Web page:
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Producers Discuss Crop Status

June 26, 2014
by Dan Voigt , Emmetsburg News

With somewhere in the neighborhood of a foot of rain in the county during the past 10-day period, many farm fields have experienced flooding, washouts and ponding of excess rainwater. Throw in wind and hail damage, and producers have lots of concerns and decisions to make.

Reviewing some of those concerns and some advice were topics of an informational meeting Tuesday at the Palo Alto County Extension Office. Paul Kassel, Extension and Outreach Field Agronomist from Iowa State University was joined by Mike Patton and Lisa Forberger to remind area producers about options for replanting, crop loss and potential disaster declarations following last week's weather.

"The good news in all of this is that we are no longer in a drought," Kassel noted, drawing laughter from nearly three-dozen area farmers.

Article Photos

DISCUSSING?OPTIONS - Paul Kassel, Extension Outreach Field Agronomist for Iowa State University, talked about hail damage to crops during a meeting for producers Tuesday at the Palo Alto County Extension Office. Options regarding crop damage due to the recent storms in the area were discussed during the meeting. -- Dan Voigt photo

According to Kassel, there are areas in the region that suffered extreme damage from hail during the storm on Monday, June 16, but that other areas didn't fare as badly. "For the most part, corn isn't going to be bad enough from the rain and hail to need to be replanted," Kassel said. "I'm sure there will be soybeans that will be replanted, but at this stage of the growing season, close to July 1, our studies show you would most likely be looking at a loss of up to 17 bushels to the acre. The big question now is when you will be able to replant."

According to Kassel, corn and soybeans had a good start and should be able to survive the onslaught of water.

"Good news is it's been warm and will lead to good crop development," he said. "The planting this year was timely. The crop has a running start to survive this. The corn plants are big enough to take in the standing water and survive. But, there will still be some areas that do need replanting."

Another key issue that heavy rainfalls and standing water in fields causes is the de-nitrification, or nitrogen loss in cornfields, up to four to five percent per day. In those cases, nitrogen will need to be replaced, according to Kassel. "Like the replanting, it's a question of when and how you can get out there to add the nitrogen back, but side dressing will replace what is lost. The corn will respond to additional nitrogen, even after all this water."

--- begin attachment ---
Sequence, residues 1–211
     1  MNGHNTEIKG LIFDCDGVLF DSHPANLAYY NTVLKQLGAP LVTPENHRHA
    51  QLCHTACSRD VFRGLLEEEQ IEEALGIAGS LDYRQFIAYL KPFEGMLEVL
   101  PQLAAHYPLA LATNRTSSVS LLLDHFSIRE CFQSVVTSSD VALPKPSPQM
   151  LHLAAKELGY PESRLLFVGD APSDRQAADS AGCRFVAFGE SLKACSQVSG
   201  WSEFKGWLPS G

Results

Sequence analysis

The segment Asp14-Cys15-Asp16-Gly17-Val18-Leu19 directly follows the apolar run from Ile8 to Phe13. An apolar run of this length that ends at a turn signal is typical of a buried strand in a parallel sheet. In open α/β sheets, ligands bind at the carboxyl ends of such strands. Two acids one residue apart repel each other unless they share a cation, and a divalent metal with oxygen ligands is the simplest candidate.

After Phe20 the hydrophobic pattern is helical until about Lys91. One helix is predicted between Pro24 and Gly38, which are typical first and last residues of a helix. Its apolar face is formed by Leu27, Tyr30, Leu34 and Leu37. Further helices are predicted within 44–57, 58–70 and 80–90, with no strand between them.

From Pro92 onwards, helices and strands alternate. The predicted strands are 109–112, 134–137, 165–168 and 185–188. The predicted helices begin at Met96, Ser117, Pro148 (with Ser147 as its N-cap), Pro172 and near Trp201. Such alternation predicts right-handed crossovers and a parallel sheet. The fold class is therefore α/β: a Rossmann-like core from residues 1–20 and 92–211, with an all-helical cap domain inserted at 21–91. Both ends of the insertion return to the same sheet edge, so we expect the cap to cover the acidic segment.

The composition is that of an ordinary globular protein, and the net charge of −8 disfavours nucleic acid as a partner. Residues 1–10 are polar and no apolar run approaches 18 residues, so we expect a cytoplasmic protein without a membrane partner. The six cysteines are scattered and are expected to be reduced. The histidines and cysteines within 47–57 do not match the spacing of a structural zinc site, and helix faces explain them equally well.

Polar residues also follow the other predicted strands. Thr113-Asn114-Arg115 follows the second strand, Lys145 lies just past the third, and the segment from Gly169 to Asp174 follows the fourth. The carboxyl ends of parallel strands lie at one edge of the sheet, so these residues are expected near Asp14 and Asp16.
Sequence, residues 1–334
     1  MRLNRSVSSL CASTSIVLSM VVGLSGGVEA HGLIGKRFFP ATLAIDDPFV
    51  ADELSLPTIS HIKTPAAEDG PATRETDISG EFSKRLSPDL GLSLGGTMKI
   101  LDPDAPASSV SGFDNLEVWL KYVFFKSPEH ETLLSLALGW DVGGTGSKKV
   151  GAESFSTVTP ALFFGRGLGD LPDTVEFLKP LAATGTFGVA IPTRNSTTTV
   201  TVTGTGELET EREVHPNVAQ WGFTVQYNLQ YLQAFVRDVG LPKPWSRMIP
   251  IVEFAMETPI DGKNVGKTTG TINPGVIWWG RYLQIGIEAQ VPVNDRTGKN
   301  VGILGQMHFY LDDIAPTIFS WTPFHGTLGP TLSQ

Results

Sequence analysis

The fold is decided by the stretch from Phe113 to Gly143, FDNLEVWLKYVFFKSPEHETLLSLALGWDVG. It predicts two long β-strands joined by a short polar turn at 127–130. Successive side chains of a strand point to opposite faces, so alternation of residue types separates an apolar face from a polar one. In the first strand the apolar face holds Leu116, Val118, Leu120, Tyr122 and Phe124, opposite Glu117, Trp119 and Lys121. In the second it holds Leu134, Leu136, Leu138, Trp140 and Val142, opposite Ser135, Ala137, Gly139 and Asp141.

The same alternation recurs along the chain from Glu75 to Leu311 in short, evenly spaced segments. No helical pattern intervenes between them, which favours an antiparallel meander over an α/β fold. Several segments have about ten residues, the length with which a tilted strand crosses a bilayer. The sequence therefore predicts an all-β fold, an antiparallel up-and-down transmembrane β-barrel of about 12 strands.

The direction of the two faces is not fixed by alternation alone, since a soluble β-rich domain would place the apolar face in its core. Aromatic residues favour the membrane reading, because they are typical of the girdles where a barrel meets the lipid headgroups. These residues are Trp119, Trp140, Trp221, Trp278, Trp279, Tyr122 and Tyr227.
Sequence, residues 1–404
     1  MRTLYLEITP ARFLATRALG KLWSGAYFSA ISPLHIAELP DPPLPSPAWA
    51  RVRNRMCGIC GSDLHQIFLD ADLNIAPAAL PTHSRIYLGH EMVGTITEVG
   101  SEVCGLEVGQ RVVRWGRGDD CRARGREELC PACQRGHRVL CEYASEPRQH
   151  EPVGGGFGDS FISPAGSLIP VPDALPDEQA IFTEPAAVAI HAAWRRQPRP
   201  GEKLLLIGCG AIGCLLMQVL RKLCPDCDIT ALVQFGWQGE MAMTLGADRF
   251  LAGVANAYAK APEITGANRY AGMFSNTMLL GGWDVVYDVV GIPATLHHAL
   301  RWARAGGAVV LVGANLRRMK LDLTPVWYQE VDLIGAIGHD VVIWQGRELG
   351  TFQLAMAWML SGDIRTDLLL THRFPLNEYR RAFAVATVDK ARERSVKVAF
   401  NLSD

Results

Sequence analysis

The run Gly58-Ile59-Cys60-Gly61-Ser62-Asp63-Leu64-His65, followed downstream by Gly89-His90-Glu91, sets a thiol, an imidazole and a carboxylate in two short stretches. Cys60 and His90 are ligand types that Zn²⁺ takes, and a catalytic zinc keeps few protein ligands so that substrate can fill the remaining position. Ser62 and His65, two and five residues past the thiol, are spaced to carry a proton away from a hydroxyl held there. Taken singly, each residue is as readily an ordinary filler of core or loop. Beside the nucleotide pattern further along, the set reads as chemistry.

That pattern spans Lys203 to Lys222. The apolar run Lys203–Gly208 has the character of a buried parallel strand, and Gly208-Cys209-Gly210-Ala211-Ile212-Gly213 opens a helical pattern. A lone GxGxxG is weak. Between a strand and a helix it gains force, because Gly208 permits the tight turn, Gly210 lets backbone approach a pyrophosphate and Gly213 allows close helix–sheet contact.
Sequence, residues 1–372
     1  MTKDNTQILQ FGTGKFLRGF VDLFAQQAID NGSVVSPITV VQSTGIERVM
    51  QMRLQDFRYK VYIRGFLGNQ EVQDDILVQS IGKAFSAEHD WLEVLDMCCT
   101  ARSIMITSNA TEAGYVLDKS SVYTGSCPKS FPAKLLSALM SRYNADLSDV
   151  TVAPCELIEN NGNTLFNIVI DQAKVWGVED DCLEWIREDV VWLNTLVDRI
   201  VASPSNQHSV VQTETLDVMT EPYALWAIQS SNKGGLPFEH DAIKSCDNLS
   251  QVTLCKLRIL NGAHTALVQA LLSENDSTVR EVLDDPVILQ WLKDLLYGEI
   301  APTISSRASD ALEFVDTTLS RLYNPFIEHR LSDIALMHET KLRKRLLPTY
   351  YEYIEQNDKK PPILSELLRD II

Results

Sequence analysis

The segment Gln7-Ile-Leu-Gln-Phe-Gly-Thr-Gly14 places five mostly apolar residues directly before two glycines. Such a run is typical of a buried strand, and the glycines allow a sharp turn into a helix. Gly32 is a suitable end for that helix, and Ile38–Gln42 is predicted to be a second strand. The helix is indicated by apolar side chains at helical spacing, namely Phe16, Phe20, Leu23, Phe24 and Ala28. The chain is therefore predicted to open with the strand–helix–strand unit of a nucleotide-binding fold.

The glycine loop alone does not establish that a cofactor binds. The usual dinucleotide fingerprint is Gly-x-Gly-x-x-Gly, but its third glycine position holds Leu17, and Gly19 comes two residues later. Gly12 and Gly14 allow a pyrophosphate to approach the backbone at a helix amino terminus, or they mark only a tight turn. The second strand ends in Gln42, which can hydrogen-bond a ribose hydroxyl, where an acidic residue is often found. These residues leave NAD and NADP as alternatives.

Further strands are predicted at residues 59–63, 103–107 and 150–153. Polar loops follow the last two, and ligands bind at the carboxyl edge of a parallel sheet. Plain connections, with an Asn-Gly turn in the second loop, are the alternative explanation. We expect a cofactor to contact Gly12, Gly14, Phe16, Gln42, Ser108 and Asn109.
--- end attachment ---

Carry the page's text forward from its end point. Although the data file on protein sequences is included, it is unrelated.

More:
Kassel noted that soybeans, which have multiple growing points, unlike corn, actually tolerate storm damage better, and should recover as well. However, there will be the possibility of soil disease, such as phytophthora later in the growing season.

"But, if you feel it's too late to replant for a crop, you can consider crops such as millets for forage products, sorghums, or even corn just for a silage crop," Kassel added.

Mike Patton reminded the producers that anyone who was covered under Federal Crop Insurance needed to check with their insurance company before taking any action in terms of replanting.

"Actually, in this area, we are fortunate that we haven't had the rain for the last two months that has happened further southwest, down around Onawa," Patton said.

Reminding the group that the final planting date for corn was May 31 and soybeans was June 15 under federal crop insurance deadlines, Patton said that federal crop's determination on replanting was based on the viability of the remaining plants in a policy holder's fields. "A field has to have 65 percent of the plants not viable to be deferred."

"The most important thing I can impress on you is to be in contact with your Federal Crop Insurance agent before you do anything," Patton concluded.

Lisa Forberger, County Director of the Palo Alto County Farm Service Agency office, presented a slide show of the flooding in the county.

"I was able to fly over the county last Tuesday morning with Mike Thatcher," Forberger said. "At that time, I felt a good 10 percent of the county was under water. But after Thursday, when the river came up and went out of its banks, I would say 30 percent of the county was under water."

According to Forberger, there is very little that the Farm Service Agency can do for producers. "If you have suffered crop losses, you need to be in contact with your federal crop insurance agents. The FSA doesn't have some of the programs we've had available in the past as they weren't included in the Farm Bill."

"It is very important that you report all of your acres to the FSA Office," Forberger said. "It's required by the Farm Bill. I would tell you all that if you do decide to replant, you need to visit with your insurance company first, and then come in and report your acres to us."

 
 
 

 

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